Bengaluru, Jan 20:
Cultivating organic fodder and nurturing cows with care would yield plenty of “truly” organic milk and make their owners wealthy in a short period, says a veterinary expert who runs a dairy in the Karnataka countryside.
Veterinary doctor-turned-entrepreneur G.N.S. Reddy maintains that shocking as it may sound, most of the milk supplied or sold in urban India is not organic but artificial as it is sourced from farmers who feed their cattle with fodder grown on chemical fertilizers like urea.
“Milk produced even through cooperatives is contaminated, as modern husbandry encourages a lot of artificial factory-made fodder and harmones for cattle with no quality control at chilling or processing plants,” Reddy told IANS from Tiptur, where his dairy is located, in Tumakuru district, 150 km from here.
Set up in 2010 on a 24-acre land with Rs.25 crore upfront investment, Akshayakalpa Farms & Foods Ltd. is the first of its kind private initiative to incubate rural entrepreneurship based business models in the countryside, he said.
“With organic milk becoming popular, especially among health-conscious citizens of Bengaluru, our member farmers are able to sell their entire produce through our firm Akshayakalpa for Rs.50 per litre, earning Rs.15 net income per litre,” Reddy said.
He said they have a makeshift arrangement to process daily 15,000 litres of milk, collected from about 1,100 farmers who grow organic fodder on five acres each of their lands “under our supervision and are able to milk 10-12 litres per cow”.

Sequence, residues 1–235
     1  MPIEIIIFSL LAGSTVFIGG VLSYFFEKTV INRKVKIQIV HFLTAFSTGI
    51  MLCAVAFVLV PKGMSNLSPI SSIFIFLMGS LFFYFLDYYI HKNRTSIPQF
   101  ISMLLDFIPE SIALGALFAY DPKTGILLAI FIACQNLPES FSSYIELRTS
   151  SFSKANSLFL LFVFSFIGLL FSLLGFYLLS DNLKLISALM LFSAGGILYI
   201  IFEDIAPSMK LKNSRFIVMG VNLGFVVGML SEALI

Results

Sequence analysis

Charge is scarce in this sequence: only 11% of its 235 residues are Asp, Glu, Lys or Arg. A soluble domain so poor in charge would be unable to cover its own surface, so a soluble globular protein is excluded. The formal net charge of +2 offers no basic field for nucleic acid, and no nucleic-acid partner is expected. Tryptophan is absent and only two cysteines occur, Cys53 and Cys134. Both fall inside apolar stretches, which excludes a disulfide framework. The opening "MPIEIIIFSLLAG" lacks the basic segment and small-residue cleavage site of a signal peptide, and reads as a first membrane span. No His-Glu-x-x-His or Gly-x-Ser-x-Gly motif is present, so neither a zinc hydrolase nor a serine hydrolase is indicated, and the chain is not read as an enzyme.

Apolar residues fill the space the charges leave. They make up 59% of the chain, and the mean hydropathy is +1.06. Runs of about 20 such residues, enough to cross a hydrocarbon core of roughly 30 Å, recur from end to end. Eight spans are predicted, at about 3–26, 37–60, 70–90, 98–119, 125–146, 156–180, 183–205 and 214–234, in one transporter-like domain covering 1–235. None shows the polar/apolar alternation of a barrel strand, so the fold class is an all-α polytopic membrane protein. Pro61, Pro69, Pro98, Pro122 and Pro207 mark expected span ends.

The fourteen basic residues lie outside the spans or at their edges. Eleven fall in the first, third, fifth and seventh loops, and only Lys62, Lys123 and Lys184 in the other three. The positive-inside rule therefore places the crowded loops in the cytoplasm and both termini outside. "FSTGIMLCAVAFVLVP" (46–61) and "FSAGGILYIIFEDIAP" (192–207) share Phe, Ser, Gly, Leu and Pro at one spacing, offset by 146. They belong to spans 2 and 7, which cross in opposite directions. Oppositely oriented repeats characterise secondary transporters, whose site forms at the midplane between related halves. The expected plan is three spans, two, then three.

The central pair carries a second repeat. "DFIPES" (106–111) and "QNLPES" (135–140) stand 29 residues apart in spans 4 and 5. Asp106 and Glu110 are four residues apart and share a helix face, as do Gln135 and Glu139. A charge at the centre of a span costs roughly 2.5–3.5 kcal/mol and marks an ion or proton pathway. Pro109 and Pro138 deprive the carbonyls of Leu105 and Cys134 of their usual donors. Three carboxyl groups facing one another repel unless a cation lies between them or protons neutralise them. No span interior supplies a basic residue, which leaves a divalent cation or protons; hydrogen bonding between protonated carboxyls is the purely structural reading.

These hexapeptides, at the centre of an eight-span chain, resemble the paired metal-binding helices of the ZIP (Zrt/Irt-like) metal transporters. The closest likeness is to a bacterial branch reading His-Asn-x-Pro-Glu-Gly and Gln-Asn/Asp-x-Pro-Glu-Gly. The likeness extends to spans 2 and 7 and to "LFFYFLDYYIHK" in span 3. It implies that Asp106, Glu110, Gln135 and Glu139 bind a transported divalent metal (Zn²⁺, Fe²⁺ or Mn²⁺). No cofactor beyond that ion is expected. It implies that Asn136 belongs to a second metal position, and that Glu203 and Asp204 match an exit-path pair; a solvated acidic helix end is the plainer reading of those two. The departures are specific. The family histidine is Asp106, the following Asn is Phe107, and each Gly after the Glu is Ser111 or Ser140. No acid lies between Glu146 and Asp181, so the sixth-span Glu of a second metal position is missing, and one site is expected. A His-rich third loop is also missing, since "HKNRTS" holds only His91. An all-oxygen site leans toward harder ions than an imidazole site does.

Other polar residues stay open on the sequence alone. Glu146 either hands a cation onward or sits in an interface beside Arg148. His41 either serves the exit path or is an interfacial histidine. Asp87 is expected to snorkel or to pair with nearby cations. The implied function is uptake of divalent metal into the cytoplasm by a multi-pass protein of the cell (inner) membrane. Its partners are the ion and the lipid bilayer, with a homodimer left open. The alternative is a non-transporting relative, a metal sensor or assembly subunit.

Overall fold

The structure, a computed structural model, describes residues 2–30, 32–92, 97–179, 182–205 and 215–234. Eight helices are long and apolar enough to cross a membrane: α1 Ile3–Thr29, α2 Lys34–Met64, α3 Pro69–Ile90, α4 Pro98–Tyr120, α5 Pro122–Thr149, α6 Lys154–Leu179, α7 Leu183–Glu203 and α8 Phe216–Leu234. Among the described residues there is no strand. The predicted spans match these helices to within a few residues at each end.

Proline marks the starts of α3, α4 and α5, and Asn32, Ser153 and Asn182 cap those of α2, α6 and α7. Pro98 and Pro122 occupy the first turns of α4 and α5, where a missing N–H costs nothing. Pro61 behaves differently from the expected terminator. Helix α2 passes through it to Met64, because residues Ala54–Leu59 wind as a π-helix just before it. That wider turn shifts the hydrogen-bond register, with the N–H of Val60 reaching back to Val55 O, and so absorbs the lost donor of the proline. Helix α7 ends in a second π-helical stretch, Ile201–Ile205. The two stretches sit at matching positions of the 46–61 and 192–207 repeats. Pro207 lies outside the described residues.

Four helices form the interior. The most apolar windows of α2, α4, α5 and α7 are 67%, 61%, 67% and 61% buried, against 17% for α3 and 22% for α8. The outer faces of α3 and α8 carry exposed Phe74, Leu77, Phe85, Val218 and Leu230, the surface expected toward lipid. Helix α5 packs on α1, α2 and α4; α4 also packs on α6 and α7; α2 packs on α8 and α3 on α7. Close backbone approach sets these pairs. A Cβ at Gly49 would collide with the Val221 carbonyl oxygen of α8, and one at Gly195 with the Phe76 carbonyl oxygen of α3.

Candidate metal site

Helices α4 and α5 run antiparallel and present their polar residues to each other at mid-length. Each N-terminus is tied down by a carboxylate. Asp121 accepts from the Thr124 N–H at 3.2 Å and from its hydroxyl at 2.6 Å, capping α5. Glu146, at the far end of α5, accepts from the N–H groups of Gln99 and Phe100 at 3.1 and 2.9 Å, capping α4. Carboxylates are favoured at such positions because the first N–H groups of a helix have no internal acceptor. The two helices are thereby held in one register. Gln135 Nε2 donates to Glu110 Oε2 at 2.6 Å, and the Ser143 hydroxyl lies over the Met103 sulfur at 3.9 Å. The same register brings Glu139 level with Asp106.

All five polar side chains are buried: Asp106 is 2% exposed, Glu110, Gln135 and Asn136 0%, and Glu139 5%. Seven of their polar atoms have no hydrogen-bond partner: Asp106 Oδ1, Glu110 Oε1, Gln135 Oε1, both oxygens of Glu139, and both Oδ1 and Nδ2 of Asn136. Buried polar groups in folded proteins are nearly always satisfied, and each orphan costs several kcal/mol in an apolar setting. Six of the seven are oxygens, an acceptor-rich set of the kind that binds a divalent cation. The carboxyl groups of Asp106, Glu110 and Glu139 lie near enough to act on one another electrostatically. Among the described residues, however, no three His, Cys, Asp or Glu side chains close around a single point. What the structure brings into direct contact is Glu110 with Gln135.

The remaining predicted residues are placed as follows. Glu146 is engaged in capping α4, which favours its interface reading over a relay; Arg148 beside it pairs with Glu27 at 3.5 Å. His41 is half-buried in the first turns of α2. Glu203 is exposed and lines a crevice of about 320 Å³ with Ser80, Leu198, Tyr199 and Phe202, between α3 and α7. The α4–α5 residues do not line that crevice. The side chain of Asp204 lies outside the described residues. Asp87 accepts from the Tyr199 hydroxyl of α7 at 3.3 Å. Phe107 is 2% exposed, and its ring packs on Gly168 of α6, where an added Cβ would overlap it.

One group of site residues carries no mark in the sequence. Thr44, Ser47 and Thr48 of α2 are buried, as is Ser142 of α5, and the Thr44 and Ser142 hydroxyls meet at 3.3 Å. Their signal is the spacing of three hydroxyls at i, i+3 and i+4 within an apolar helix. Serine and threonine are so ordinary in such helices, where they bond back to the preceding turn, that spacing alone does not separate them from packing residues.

Though India is the world’s largest milk producer (135 million tonnes per year) from maximum number of cattle (300 million), average yield per cow or buffalo and its quality is low — less than a litre for every kilo of feed (fodder) as against 1.6 litre per kg feed in the best farms world over, he said.
Reddy said their “twin objectives are to make small and medium farmers as enterprising and productive as those in manufacturing or services, earn as much as they do and stay put in villages to provide job opportunities for rural youth”.
By making organic dairy farming fruitful, Reddy said he wants to reverse urban migration and create economic opportunities for small and medium farmers to become micro-entrepreneurs, and by introducing automated organic dairy production as an integral part of small and medium farm across the state, he hopes, will create self-sustaining farms that increase income of farmers and lessen manual labour.
“We are setting up a one lakh litre processing plant to expand capacity and train more farmers in using technology to produce organic fodder and yield organic milk. It will be a win-win situation for them and consumers, who will get high quality and pure milk,” Reddy said.
The dairy plant is expected to be commissioned by mid-2016, opening up unlimited possibilities, as denoted in “Akshayakalpa”.
With 25 cows in each shed on the five-acre farm land where a variety of fodder is growth, the farmer is also able to generate power for irrigation pumpset through bio-gas plant, run with the cattle’s urine and dung as raw material.
Reddy has also roped in a dozen people, including techies from IT majors like Wipro and others to demystify technology, train farmers in optimal utilisation of natural resources and use marketing networks to hardsell their milk and other dairy products. IANS